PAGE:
Almost two‑thirds of the Group’s employees work in Europe, most of them in Germany, and 96 percent of employees have regular contracts with the ZF Group. The percentage of women employed by the ZF Group is 16,1, with the North America region showing the highest proportion with 27,4 percent. The Active & Passive Safety Technology Division is not included in this data, as gender is currently not being reported in regard to region or contract type. In 2018, ZF had a total of 12,421 External Agency Workers.

Employee structure worldwide

Number of people¹ 2018 2017 2016
ZF Group (total) 148,969 146,246 136,820
Europe 86,388 85,294 81,667
of which Germany 50,794 50,618 49,094
North America 36,762 35,885 31,900
South America 5,509 5,470 5,118
Asia-Pacific² 17,396 18,367 16,974
India² 1,980 - -
Africa 934 1,133 1,161
Employee category³
Direct 78,281 77,797 72,109
Indirect 70,688 68,352 64,711
Work contracts
Regular⁴ 143,198 141,954 133,802
Limited⁴ 5,771 4,194 3,018
Full time 146,383 143,513 134,339
Part time 2,586 2,635 2,481
Apprentices and temporary workers⁵
Apprentices 2,756 2,856 2,800
External Agency Workers 12,421 15,195 14,137
1Number of employees by contracts in accordance with IFRS regulations at the end of the year.
2As of 2018, India is not listed as part of Asia‑Pacific but as separate region.
3Direct and indirect participation in value creation processes.
4The corporate wording changed from “permanent” employees to “regular”, and “temporary” employees to “limited”.
5The corporate wording changed from “temporary workers” to “external agency workers”

GRI 102-9

Supply chain

Solely for the procurement of production materials, ZF maintains a global network consisting of approximately 7,000 suppliers, ranging from small family businesses through to large groups.

The purchasing volume for production materials totaled €20.1 billion in 2018 and includes directed buy volumes. The value of non‑production materials amounted to some €6.1 billion.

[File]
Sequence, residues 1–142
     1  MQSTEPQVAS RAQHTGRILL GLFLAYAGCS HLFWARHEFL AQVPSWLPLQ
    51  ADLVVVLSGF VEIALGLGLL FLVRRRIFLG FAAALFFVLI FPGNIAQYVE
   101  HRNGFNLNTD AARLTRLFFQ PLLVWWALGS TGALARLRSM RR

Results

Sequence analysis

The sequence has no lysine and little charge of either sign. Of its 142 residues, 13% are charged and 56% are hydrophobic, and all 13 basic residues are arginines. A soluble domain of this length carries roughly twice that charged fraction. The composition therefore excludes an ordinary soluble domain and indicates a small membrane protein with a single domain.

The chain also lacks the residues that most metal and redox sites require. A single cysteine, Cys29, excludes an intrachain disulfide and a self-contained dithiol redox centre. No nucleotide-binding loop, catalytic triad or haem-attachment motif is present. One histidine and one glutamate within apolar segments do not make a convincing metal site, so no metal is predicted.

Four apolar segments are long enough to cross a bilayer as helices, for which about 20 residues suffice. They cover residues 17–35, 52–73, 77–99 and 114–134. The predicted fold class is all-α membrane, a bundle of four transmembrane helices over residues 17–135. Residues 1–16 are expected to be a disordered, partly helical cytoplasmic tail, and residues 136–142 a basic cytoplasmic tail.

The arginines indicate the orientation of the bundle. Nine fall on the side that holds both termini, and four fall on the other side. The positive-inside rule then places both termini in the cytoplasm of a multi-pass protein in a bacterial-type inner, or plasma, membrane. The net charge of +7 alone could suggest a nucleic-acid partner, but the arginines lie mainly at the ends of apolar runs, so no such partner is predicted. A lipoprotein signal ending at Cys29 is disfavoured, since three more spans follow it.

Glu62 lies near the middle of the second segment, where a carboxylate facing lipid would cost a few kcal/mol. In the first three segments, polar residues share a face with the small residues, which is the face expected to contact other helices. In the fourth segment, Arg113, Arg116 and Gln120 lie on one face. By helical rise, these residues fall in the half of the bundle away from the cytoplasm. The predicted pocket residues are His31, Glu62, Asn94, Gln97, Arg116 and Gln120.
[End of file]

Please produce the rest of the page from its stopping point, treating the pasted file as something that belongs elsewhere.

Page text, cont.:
Since ZF manufactures products at 230 locations in 40 countries worldwide, a major part of value creation in production lies in the supply of components. The costs for materials purchased from suppliers account for some 54 percent of sales. ZF suppliers are normally contractors who procure the raw materials or basic components for the products ordered, manufacture the products and, in some cases, also design products.

GRI 102-10

Significant changes to the organization and its supply chain

There were no significant changes relevant to this report.

GRI 102-11

Precautionary principle or approach

A core element of ZF’s environmental management system is the evaluation of environmental risks. In the operation of facilities, the precautionary principle based on the result of the risk evaluation is an essential part of the Environment, Health and Safety (EHS) management system. All locations conduct environmental aspect assessments and risk assessments for their respective facilities and processes in a local context on a regular basis. Internal and external audits are also conducted. All locations follow the principle “prevention before reaction” and therefore use processes to minimize risks.

Risk assessment and evaluation are carried out prior to the introduction of procedures and substances.

In preparation for emergencies, every location has an emergency organization in place. Emergency response teams are provided with adequate equipment and procedures. Mock emergency drills are carried out on a regular basis. Technical installations (e.g. flood or fire protection, collection trays, redundant installations) are company standard, as are behavior‑based measures for increasing awareness for prevention of environmental damage.

Environmental due diligence is conducted as part of the acquisition process to minimize liability and financial risks.

GRI 102-12

External initiatives

The ZF Group observes the core labor standards of the International Labour Organization (ILO), the content of the German Corporate Governance Code and the OECD Guidelines for Multinational Enterprises.

ZF signed the United Nations Global Compact on May 1, 2012, thus committing the Group to observe and promote its ten principles. Since joining, ZF has also become a member of the German Global Compact Network and participates in exchanges between the member companies.

GRI 102-13

Membership of associations

The ZF Group and its companies are committed to a wide range of associations and interest groups. The following list provides a representative selection:

  • Association of German Engineers e.V. (VDI) – Lake Constance regional association (as a supporting member)
  • Automotive Industry Action Group (AIAG)
  • Carbon Composites e.V.
  • Chamber of Industry and Commerce Hochrhein Bodensee
  • Chamber of Industry and Commerce Oberschwaben, Weingarten
  • Compliance Network e.V.